NAIROBI (HAN) January 30, 2016 – Public Diplomacy and Regional Stability Initiatives News. Nairobi’s real-estate market has contributed to the city being named as one of the top 20 successful cities in the world in 2016, even as the sector attracts investors, pushing up the cost of land five-fold.
The City Momentum Index (CMI) of innovative cities compiled by Jones Lang LaSalle, a professional services and investment management company, named Nairobi as an African city that can reinvent itself with the potential of leading in economic growth.
According to the report, Nairobi’s impressive demographic and economic momentum is necessitating the creation of infrastructure and real estate to support the city’s expansion as it registers the highest levels of office and retail construction of any city rated by the index.
Even as the prospects for the city’s real estate sector brighten, the demand for housing is pushing up the prices of land. A recent Hass Consult report released on January 25, showed that investors seeking favourable returns from land are moving to satellite towns as acreage prices in the city rise five-fold to an average of $1.73 million.
According to Hass Consult, the increased appetite for land in Nairobi’s satellite towns is driven by lower average prices per acre at $15,600 even as land prices have more than quadrupled over the past eight years in these areas.
Sakina Hassanali, head of research and marketing at Hass Consult, said that because of the rising demand, land prices in Nairobi’s satellite towns have now tracked similar growth rates to land in Nairobi at 7.5 per cent last year.
“In the fourth quarter of 2015, land in Nairobi’s suburbs rose by nine per cent with Kitisuru, Loresho and Gigiri recording the highest increases in the year at 26.1 per cent, 23.4 per cent and 14.6 per cent respectively.
Spring Valley has the lowest growth in land prices among the city’s suburbs, having recorded a 3.9 per cent drop in 2015 alone,” said Ms Hassanali.
Notably, land prices in Nairobi’s upcoming satellite towns of Kitengela, Kiserian and Athi River (east of Kenya’s capital) are rising faster than those of traditional high-end suburbs of Karen, Muthaiga, Lavington and Runda.
On average, land prices across all suburbs in the city steadily grew, bucking the sluggish economic growth and remaining the number one asset for investors as compared to stocks, bonds or 91-day Treasury Bills.
“Investors are increasingly shifting their focus to land as the stockmarket and other asset classes continue to drop,” said Ms Hassanali.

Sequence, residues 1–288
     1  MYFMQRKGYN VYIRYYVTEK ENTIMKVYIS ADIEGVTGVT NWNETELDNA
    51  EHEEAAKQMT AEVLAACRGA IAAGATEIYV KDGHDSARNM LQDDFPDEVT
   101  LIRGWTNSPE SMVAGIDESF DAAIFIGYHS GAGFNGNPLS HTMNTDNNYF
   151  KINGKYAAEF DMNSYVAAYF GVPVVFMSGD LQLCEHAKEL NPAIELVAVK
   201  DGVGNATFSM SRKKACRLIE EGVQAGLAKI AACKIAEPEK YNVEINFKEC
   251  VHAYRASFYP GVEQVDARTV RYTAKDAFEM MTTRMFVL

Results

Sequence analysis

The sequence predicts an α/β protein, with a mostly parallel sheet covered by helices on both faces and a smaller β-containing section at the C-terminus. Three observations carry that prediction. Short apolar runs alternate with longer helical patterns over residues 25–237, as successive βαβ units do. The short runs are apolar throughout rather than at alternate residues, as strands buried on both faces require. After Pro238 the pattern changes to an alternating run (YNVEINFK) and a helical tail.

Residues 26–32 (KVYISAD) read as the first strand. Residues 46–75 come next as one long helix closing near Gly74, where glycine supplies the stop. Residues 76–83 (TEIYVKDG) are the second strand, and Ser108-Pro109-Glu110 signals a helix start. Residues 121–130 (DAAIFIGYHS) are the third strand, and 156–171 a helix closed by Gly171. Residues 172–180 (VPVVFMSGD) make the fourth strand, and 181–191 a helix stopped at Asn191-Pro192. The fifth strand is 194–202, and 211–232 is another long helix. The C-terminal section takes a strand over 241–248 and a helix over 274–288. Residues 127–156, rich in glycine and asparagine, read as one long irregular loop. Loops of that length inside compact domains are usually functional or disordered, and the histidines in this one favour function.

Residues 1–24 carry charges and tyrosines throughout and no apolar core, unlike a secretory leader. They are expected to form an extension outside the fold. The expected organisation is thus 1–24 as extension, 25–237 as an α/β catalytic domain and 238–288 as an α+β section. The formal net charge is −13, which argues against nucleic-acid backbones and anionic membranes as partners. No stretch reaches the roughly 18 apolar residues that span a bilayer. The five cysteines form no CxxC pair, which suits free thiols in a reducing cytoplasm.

In terms of returns, a one-acre piece of land in Kitisuru gave investors the highest returns in 2015 with 26.1 per cent growth in price while land in Kiserian to the south of the city accrued 25.3 per cent more in the year.
“To maximise returns, these investors are now buying huge chunks of land for subdivision and resale in Nairobi’s satellite towns. On average, land prices in the satellite towns have risen six-fold and will continue to increase as infrastructural developments like the standard gauge railway near completion,” said Ms Hassanali.
Demand is also high for land in satellite towns, which are ideal for public and private institutions like universities, private schools, hospitals and co-operative societies.
On the rental side, the asking price for high-end residential properties in Nairobi’s affluent neighbourhoods grew at a faster rate in the year to September, pointing to renewed market resilience.
The Knight Frank Prime Global Cities Index for the third quarter — which tracks luxury house prices in local currencies across 34 cities worldwide — showed prices in Nairobi increased by 3.5 per cent in the 12 months to September.
Nairobi’s stronger sale price growth has for the first time outperformed the global average of 1.9 per cent over the same period, which is also five times the growth registered two years ago.
According to the Knight Frank index, the asking prices went up 1.1 per cent, with Nairobi climbing up to position 14 in the ranking, up from 26th in January last year.
Ben Woodhams, the managing director of Knight Frank Kenya, said that while it was taking longer to close deals, there was a growing interest in the properties on offer.